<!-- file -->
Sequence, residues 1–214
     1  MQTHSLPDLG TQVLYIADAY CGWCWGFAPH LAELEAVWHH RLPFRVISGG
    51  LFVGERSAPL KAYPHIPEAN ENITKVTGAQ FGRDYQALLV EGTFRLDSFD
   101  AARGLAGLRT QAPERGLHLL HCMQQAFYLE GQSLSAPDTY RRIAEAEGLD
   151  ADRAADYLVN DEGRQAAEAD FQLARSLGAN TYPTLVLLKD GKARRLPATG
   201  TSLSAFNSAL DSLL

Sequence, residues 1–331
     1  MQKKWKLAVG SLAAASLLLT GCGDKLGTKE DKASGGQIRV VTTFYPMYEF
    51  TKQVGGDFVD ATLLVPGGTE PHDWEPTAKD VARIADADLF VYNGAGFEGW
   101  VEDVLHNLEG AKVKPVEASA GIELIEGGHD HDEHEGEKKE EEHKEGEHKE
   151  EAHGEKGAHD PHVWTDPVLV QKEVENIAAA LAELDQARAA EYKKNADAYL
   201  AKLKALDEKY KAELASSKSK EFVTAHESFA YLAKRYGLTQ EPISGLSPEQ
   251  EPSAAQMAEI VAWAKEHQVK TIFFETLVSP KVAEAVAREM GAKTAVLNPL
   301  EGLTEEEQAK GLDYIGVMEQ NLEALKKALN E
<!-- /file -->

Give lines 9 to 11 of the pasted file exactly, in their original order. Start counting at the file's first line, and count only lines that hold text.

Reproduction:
    51  TKQVGGDFVD ATLLVPGGTE PHDWEPTAKD VARIADADLF VYNGAGFEGW
   101  VEDVLHNLEG AKVKPVEASA GIELIEGGHD HDEHEGEKKE EEHKEGEHKE
   151  EAHGEKGAHD PHVWTDPVLV QKEVENIAAA LAELDQARAA EYKKNADAYL